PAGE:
Work & Education

The World Got Smaller: highlighting why people with intellectual disabilities shouldn’t be underestimated

The Guild for Human Services aims to educate, encourage and empower people with intellectual disabilities, both young and old, to achieve their full potential.

Based in Massachusetts, The Guild wants to tell the story of its community during the Covid-19 pandemic to the world through an original film, highlighting why people with intellectual disabilities shouldn’t be underestimated and should be included.

Set up in 1952 as The Protestant Guild for the Blind, our non-profit organisation initially provided religious instruction and reading services to young people with visual impairments in the Boston area. Through the years, we have evolved to expand our services to meet the needs of more disabled people.

We offer year-round, community-based programmes for individuals with intellectual disabilities who have complex needs, including autism, mental health diagnoses and maladaptive behaviors.

We have youth and adult services, with a special-education school that serves 85 students aged 6 to 22, nine group homes for 65 young people and 12 residential homes for 60 adults.

We have always championed our community and their ability to become the best they can be. They are resilient, thoughtful and intelligent in their own ways.

The Covid-19 pandemic made the world smaller for a lot of people, but particularly those already isolated. That’s why we decided to showcase our communities’ talents and the impact of the Covid-19 pandemic on real lives.

Residential Manager Reggie Surpris with student TJ Sheppard with a graduation cap on at The Guild for Human Services

The World Got Smaller film

The World Got Smaller: The Spirit of The Guild during COVID-19 is a short film that provides a first-hand look at how the pandemic curtailed the community life of individuals with intellectual disabilities.

The film interviews with Guild staff, students, residents, and community partners. Individuals with intellectual disabilities are vastly underestimated – we want this film to show why they shouldn’t be.

Self-determination and giving people with intellectual and developmental disabilities the opportunity and ability to make their own choices are central to our mission. The pandemic forced a reduction in choice, and we all must keep fighting for inclusion and community life in the post-pandemic era.

The onset of the Covid-19 pandemic in March of 2020 brought life as we knew it to a standstill. Mandates left healthcare providers scrambling to create a blueprint for the unknown.

Almost overnight, The Guild for Human Services school and residential staff pivoted to move classrooms to students’ residences, create supplemental day programming for adults, and live with those they served during quarantine.

Janice and Jessica Goodwin at The Guild for Human Services

Residents were isolated and separated from their loved ones for months on end, all the while navigating the ever-changing state mandates and policies. Through it all, The Guild’s community adapted and grew stronger.

We are releasing the film on the second anniversary of the State of Emergency declared in Massachusetts and the subsequent closing of schools in 2020.

Our film also has a message in future public health crises, state agencies must incorporate the perspective of parents, students, and staff into the planning of guidelines and recommendations. Those closest to the people we serve often know what is best for them.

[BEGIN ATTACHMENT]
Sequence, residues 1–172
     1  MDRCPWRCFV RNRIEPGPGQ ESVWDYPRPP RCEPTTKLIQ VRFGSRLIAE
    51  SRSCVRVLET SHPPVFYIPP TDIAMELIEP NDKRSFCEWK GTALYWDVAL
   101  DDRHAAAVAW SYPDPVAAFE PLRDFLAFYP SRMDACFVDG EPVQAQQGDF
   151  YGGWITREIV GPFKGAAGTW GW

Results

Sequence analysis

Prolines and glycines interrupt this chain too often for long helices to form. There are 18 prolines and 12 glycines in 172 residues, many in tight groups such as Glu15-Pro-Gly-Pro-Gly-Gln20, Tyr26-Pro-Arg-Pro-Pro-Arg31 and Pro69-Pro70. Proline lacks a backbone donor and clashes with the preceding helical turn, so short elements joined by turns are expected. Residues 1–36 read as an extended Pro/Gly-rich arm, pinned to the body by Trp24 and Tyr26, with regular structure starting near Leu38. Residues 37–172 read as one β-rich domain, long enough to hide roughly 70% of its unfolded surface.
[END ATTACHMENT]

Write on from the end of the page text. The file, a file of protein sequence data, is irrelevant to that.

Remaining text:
All human services staff made substantial sacrifices to keep vulnerable students and residents safe and engaged.

“During this pandemic, we had to make the world of the people we serve smaller,” said Amy Sousa, our CEO. “Their community life was curtailed and their choices reduced.

I hope this film will show how individuals with intellectual disabilities are underestimated and how vital it is that we all work to create inclusive communities where people can achieve their full potential and lead high-quality lives.”

FREE online screening Wednesday, 16th March, 1pm EST

The Guild will host a FREE online screening event open to the general public on Wednesday, 16th March via Zoom. It will be screened at 1pm Eastern Standard Time (1pm in the USA and 6pm in the UK).

Following the screening of the 25-minute film, a Q&A discussion will be moderated and will include the people in the film.

To view the trailer and register for the event, go to theworldgotsmaller.com

Film reviews

“The World Got Smaller eloquently tells the inside story of a disability agency and school, which had to pivot like others during the pandemic.

Seeing how the pandemic stole the day-to-day choices of the residents and students should galvanize us all to keep fighting for inclusion and community life in the post-pandemic era” Leo Sarkissian, Executive Director, The Arc of Massachusetts.

Teacher Raji Ravichandran with a The Guild for Human Services student sat at a table

 “This film captures how changing protocols, visitation restrictions and staffing shortages at human services agencies limited daily life for people with disabilities during the pandemic.

It also tells the story of some of the incredible workers in the human services sector, and the great lengths they went to in keeping those they cared for safe during a challenging time.

The World Got Smaller demonstrates how crucial it is, now more than ever, to invest in human services and ensure people with disabilities and others needing support receive the essential care they need.” Michael Weekes, President/CEO, Providers’ Council.

You can find out more about the film, The Guild for Human Services and its community, including those in the film, on its website. You can also follow The Guild on Facebook, Instagram and LinkedIn.

By The Guild for Human Services

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